Black Cohosh is an herb that has been used by Native Americans for more than two hundred years, after they discovered the root of the plant helped relieve menstrual cramps and symptoms of menopause. These days the herb is still used for menopausal symptoms such as hot flashes/flushes, irritability, mood swings and sleep disturbances. It is also used for PMS and other menstrual problems.
Black Cohosh, a member of the buttercup family, is a perennial plant found throughout the eastern regions of the United States and Canada. Its botanical name is Actaea racemosa or Cimicifuga racemosa.
Today, the rhizome (underground stem) and the root of the plant are easily available in the form of capsules, tablets and liquid extracts. Black cohosh is also available in tea form.
Benefits of Black Cohosh
Among the most popular Black Cohosh benefits is its effectiveness in managing problems associated with menopause such as anxiety, depression, vaginal dryness and hot flashes. Consumption of black cohosh is also believed to help soothe cramps and bloating that women go through during their menstrual cycle.
This herb also acts as a muscle anti-inflammatory and as an antispasmodic to nerves, muscles and blood vessels. The salicylic acid present in this plant contributes to its anti-inflammatory properties. It is also used to relieve headaches caused by various reasons such as overexertion, stress, nasal congestion and eye-strain. Black Cohosh is also known to stimulate digestion.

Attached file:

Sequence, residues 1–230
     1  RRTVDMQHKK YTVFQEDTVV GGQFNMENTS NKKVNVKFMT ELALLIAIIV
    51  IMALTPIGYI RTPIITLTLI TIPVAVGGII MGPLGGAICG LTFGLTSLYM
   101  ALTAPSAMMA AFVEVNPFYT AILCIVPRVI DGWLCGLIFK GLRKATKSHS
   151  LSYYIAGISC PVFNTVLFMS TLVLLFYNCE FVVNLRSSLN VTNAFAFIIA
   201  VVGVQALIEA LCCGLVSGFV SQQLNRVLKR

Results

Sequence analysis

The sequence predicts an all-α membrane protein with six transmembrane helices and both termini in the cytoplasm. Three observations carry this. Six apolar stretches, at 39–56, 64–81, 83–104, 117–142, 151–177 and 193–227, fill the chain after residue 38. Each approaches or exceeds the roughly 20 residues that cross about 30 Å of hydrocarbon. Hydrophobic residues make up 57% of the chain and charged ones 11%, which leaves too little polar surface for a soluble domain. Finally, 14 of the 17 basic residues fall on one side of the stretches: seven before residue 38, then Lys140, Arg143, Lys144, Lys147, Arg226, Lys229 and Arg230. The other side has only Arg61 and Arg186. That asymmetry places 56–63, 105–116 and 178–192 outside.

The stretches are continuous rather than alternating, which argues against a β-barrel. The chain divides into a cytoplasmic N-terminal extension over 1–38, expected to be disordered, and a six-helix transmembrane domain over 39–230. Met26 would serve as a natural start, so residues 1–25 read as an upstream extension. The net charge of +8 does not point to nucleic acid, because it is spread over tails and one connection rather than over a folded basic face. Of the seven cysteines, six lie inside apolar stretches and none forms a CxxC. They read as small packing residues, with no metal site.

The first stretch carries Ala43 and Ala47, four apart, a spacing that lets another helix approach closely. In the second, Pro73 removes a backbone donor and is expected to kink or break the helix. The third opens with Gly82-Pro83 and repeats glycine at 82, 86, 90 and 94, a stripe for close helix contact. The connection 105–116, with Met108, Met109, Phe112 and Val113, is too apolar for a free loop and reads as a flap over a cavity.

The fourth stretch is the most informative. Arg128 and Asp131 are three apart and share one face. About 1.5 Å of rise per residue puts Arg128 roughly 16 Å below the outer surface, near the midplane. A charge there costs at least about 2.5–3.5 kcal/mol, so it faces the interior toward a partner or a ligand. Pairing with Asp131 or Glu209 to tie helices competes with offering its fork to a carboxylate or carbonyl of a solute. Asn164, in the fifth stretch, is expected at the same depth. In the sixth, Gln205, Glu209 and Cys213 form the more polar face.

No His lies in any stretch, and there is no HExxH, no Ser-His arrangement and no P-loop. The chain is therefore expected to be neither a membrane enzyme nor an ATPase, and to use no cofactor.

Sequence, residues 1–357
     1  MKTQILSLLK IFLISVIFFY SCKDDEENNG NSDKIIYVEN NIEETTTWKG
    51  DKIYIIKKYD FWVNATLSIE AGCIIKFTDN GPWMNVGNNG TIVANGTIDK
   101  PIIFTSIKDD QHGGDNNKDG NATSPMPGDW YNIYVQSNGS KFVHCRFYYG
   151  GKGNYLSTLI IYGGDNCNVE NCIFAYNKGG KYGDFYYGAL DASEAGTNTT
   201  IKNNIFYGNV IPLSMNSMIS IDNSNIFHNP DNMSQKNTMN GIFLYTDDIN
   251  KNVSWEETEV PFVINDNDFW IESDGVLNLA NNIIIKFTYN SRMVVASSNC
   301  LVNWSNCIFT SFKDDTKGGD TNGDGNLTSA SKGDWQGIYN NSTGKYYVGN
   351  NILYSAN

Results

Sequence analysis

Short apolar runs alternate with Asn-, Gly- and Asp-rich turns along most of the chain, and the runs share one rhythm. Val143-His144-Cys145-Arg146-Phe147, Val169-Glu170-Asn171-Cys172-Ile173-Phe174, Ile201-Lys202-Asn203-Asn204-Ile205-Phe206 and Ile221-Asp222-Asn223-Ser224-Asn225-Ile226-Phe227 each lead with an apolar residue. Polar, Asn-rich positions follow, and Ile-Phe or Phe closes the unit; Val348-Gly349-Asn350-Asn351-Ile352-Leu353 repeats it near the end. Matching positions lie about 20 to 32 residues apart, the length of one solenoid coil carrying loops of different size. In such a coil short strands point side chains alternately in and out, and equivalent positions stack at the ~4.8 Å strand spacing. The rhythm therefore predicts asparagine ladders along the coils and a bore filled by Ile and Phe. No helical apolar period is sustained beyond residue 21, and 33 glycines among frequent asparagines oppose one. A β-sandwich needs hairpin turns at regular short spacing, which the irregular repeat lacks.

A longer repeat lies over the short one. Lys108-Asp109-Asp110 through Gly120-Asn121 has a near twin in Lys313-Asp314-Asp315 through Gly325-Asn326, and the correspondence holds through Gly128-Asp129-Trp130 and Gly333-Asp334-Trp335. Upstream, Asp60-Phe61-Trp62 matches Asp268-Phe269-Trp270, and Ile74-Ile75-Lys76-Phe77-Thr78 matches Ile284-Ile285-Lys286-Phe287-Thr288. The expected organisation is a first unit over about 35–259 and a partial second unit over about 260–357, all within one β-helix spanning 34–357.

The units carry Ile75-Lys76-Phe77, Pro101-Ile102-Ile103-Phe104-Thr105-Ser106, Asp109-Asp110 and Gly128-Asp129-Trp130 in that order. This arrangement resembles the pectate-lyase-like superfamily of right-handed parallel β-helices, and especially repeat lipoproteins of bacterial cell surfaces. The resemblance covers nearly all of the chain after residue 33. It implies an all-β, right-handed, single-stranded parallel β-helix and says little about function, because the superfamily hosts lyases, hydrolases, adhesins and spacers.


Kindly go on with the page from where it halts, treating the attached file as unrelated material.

Studies on Black Cohosh
Over 20 clinical trials on Black Cohosh have been completed spanning more than 40 years with over 3,000 subjects. In a recent clinical study, the majority of women taking Black Cohosh saw the following overall reductions in their menopausal symptoms: 56% reduction in 4 weeks, 65% reduction in 8 weeks, and 70% reduction in 12 weeks. This was 25% better than the response seen in women taking a placebo.
A well known 1982 study of over 600 women found 80% experienced relief from such symptoms as hot flashes, perspiration, irritability, heart palpitations and depression after taking 80 mg of Black Cohosh daily over six to eight weeks. Common emotional problems such as tearing depression and anxiety also responded favorably.
A 1998 study by the University of Bridgeport in Connecticut concluded Black Cohosh was a safe alternative to estrogen replacement therapy (ERT) for women where ERT is contraindicated or declined. The American College of Obstetrics and Gynecology has recommended the use of Black Cohosh for menopausal symptoms such as sleep disturbances, mood swings and hot flashes.
Those who are taking medication and are planning to take Black Cohosh should consult with their doctor before taking it Also, women with a personal or family history of breast cancer may wish to avoid using Black Cohosh until further research delineates the effect on breast tissue.
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